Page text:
NatureJobs reports on the contentious topic of possible gender bias in peer review (Nature 459, 602; 2009). Peer review assesses what is of value in science, yet it has been criticized for biases. One such perceived bias is gender, although evidence for such a bias has been contradictory. A 2007 meta-analysis (L. Bornmann et al. J. Informet. 1, 226–238; 2007; reported at the time in NatureJobs Nature 445, 566; 2007) concluded that women are at a disadvantage in peer review of funding applications. As this study incorporated all known research on this issue, it was suggested to be definitive.
Nevertheless, H. W. Marsh et al. (Am. Psychol. 63, 160–168; 2008) presented conflicting results the following year. This study was comprehensive, based on data from the Australian Research Council (10,023 reviews by 6,233 external assessors of 2,331 proposals from all disciplines), and concluded that the gender of the applicant had no effect on the outcomes of peer review, irrespective of the discipline, gender and nationality of the reviewers, and whether reviewers were selected by a funding panel or chosen by the applicants.
Why should these two studies have conflicting results? To investigate, Marsh and Bornmann now report in NatureJobs how both research teams worked together to reanalyse the data and extend the original meta-analysis. They describe how they applied new, stronger statistical approaches to 66 sets of results representing 353,725 proposals from 8 countries. In this extended study, which will be published in Review of Educational Research, they found no effect of the applicant’s gender on the peer review of their grant proposals. This lack of effect held across country, year of publication of the studies included in the meta-analysis, and disciplines ranging from physical sciences to the humanities.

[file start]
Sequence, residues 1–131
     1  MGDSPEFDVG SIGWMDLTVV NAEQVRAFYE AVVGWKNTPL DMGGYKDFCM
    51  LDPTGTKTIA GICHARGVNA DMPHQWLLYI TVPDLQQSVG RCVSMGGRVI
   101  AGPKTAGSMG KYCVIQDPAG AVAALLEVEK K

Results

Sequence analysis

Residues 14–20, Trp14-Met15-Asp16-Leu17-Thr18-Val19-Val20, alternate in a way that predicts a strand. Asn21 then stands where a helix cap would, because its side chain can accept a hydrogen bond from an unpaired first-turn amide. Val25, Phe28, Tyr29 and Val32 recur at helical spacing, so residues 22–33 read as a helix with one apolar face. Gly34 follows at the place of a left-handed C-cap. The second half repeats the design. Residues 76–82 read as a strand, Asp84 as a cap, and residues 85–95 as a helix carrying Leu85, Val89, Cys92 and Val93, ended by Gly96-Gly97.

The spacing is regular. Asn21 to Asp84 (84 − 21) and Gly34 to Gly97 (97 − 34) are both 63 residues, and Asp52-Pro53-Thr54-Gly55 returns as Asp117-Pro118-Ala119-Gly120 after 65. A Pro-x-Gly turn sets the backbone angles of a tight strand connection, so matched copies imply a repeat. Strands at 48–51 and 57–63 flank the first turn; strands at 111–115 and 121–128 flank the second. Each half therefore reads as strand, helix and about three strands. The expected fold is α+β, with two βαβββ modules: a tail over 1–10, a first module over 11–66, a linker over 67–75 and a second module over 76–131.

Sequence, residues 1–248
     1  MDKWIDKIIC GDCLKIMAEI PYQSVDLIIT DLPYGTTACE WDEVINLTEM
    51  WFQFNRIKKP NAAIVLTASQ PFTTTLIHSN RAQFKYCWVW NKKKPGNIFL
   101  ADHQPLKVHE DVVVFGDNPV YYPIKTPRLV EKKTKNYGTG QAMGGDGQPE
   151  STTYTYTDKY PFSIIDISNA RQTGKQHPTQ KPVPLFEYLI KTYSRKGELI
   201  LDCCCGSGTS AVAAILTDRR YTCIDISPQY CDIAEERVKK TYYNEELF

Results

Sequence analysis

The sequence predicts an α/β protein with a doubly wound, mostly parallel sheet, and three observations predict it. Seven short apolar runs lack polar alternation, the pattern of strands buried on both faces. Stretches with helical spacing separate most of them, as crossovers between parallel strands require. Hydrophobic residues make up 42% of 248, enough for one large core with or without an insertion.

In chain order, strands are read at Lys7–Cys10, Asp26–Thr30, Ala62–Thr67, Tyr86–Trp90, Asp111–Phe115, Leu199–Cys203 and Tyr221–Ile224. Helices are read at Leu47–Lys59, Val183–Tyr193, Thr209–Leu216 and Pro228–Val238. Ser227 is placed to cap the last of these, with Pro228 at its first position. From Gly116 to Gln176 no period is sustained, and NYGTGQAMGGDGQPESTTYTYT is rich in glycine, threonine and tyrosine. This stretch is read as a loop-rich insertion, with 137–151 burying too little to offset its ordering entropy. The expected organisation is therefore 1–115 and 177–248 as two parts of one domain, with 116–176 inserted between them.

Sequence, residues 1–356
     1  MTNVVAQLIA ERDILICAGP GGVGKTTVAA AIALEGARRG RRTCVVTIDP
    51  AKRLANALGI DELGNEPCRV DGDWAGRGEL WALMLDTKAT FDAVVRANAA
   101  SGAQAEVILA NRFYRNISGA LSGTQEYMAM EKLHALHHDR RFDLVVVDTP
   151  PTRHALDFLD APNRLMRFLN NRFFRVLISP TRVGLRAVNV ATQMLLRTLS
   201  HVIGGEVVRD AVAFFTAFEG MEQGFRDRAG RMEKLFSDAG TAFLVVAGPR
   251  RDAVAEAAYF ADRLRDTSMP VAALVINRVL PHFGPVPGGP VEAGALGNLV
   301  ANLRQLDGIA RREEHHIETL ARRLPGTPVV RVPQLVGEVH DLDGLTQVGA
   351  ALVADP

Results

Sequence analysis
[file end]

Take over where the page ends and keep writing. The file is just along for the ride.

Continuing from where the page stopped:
At least for grant applications, all of the co-authors from each of the research teams agree that the weight of evidence suggests that the applicant’s gender has no effect on the outcome of peer review, and that these findings are robust and broadly generalizable.
Herbert Marsh is a professor of education at the University of Oxford, UK
Lutz Bornmann is a PhD student at the ETH University in Zurich, Switzerland.
This Peer-to-Peer post is an edited version of their NatureJobs article (which is free to access online).
There is some discussion of this NatureJobs article and the timing of its publication at Nautilus blog.
Note: readers interested in the Review of Educational Research paper in advance of its publication can obtain a copy directly from Dr Bornmann or from the NatureJobs editors.